Skip to Content

Building Capacity: Stormwater, Pollinators and People

Mar 18, 2019


  • Conservation Stories

Last fall, Metro Blooms, an MJV partner and Minnesota non-profit, organized a pollinator garden-planting event on the site of an affordable housing complex in Brooklyn Park, MN. This work is part of a large environmental justice project to manage stormwater and enhance the livability of outdoor spaces on the 17-acre property.

Their story is just one example of how pollinator habitat can be a catalyst for community conservation and connections. As one of MJV’s partners in promoting pollinator habitat, Metro Blooms works to restore ecological function in the urban landscape. It does so by promoting raingardens, native plantings and other sustainable gardening practices to bring resilience to our green spaces. Read their story below, and visit Metro Blooms’ website to find out more about this and other impactful projects.

Autumn Ridge and Building Capacity

Changes in the landscape are taking root at Autumn Ridge Apartments in Brooklyn Park. A new playground area, five raingardens, a pollinator garden and eight trees are recent features at the 366-unit affordable housing complex. Installed in 2018, they completed the first phase of a five-year environmental justice project coordinated by Metro Blooms to turn the 17-acre property into a more ecologically functional landscape and to improve the quality of life for the people who live there.

The project seeks to engage underserved watershed stakeholders (residents) in a clean water initiative that reduces water pollution by managing stormwater on the property. A major goal is to increase the environmental literacy and environmental stewardship of all the stakeholders. This includes creating opportunities to build capacity within the community by encouraging residents to participate in the process of re-creating their outdoor spaces. Other stakeholders partnering in this project are the owner Sherman Associates, the local community organization African Career Education and Resource (ACER), the City of Brooklyn Park, the Shingle Creek Watershed Management Commission and Hennepin County.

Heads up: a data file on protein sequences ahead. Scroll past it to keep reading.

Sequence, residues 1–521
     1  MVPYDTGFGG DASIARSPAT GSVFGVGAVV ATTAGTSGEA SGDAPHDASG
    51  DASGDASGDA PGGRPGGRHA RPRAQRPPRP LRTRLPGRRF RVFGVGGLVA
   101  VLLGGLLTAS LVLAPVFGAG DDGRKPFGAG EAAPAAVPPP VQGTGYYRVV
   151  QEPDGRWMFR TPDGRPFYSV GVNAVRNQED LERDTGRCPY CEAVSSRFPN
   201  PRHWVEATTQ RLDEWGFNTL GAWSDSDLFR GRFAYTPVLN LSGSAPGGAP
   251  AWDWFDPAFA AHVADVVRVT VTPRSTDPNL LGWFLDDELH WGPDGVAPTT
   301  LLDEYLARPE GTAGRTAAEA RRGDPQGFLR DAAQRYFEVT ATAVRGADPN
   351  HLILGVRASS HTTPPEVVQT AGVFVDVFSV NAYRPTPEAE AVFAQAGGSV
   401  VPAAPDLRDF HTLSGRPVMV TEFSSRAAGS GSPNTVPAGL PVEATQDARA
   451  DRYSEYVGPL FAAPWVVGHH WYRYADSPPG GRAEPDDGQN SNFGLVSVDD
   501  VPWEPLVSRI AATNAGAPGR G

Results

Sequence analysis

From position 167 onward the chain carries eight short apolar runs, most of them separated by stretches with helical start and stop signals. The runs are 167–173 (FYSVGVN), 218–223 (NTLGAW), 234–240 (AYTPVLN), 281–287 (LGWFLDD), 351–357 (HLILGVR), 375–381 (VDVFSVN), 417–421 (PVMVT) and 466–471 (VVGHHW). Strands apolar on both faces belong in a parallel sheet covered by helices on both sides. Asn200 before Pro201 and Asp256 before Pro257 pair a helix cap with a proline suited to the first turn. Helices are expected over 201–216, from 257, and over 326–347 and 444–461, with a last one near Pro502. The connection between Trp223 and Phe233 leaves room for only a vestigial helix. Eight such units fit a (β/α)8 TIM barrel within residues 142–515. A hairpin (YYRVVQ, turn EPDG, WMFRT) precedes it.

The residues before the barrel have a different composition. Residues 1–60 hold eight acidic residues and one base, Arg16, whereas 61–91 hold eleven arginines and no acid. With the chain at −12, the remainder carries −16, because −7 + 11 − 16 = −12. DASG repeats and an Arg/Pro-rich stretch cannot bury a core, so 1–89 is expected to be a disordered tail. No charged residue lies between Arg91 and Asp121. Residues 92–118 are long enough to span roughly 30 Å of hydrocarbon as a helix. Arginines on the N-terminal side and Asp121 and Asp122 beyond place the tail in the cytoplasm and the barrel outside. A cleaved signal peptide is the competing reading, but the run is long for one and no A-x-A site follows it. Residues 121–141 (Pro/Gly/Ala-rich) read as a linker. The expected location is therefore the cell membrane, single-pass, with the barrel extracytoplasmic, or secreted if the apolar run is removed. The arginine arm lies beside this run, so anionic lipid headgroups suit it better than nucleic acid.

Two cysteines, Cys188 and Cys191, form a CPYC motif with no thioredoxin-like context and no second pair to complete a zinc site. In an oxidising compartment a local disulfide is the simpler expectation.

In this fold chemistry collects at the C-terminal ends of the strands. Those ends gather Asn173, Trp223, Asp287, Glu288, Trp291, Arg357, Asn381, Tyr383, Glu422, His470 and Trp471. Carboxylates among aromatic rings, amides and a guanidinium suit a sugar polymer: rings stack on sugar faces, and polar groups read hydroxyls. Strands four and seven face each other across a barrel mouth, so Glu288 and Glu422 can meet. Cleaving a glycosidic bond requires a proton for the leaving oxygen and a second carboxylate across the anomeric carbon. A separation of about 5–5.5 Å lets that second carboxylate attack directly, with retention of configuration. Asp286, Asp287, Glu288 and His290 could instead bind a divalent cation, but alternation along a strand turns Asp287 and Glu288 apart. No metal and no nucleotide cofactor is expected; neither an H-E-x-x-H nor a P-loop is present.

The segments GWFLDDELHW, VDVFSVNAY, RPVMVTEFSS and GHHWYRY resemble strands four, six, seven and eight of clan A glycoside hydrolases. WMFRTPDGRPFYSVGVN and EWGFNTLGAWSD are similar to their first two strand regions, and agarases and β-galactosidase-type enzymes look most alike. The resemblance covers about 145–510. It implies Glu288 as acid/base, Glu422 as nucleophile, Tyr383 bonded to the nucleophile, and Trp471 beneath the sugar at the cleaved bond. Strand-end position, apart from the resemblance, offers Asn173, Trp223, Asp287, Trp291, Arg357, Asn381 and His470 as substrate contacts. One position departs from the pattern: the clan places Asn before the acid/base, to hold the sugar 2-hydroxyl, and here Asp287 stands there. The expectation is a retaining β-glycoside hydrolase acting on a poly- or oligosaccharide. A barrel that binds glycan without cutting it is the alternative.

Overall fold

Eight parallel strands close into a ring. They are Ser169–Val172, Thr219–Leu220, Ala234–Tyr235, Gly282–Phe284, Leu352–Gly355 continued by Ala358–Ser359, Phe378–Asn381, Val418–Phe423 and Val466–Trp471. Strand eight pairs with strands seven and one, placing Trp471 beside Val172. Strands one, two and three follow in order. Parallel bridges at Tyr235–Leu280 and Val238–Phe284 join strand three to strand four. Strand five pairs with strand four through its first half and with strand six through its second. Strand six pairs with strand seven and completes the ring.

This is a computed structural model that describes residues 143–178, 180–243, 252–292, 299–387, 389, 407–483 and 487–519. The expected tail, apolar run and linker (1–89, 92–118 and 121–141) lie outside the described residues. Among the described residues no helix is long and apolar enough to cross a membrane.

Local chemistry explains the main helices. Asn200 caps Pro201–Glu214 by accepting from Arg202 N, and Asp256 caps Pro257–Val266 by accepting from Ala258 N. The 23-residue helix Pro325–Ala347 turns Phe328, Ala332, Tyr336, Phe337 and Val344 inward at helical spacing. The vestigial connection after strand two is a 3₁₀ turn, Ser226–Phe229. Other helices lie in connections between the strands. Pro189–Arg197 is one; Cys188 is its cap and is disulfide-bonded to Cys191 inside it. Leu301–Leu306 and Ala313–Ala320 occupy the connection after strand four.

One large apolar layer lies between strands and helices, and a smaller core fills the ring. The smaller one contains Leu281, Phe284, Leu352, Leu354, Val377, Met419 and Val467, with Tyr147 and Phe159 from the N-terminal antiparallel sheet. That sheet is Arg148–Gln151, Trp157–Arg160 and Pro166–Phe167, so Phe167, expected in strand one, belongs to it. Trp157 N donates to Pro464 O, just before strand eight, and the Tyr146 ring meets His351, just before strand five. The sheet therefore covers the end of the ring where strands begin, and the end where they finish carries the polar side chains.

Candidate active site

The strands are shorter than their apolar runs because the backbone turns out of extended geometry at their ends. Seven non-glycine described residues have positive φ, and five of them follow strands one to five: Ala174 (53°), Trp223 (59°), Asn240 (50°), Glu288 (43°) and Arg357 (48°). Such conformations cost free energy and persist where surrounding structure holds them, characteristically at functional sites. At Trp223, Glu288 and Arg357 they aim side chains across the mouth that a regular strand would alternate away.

A newly planted garden surrounding by orange construction fencing

New raingarden. Metro Blooms contracted with Nelco Landscaping on installation work.

Metro Blooms became involved with Autumn Ridge in 2016 when Kimberly Carpenter, Metro Blooms’ community engagement manager, learned that ACER was working with residents on livability issues at the complex. Carpenter saw the potential for improvements in the property from a resilience and environmental landscaping perspective. She also saw a chance to educate tenants and partners about using green infrastructure strategies practiced by Metro Blooms such as raingardens to prevent stormwater runoff. Typically, stormwater runs off paved surfaces into sewers that empty into and pollute nearby lakes and streams. Raingardens divert and soak in stormwater, which is cleaned naturally as it soaks deep into the ground. The installations completed in 2018 are estimated to capture 954,000 gallons of stormwater annually.

People standing around a picnic table looking at and drawing on colored maps and charts.

Community picnic: an opportunity for residents and Metro Blooms to plan together.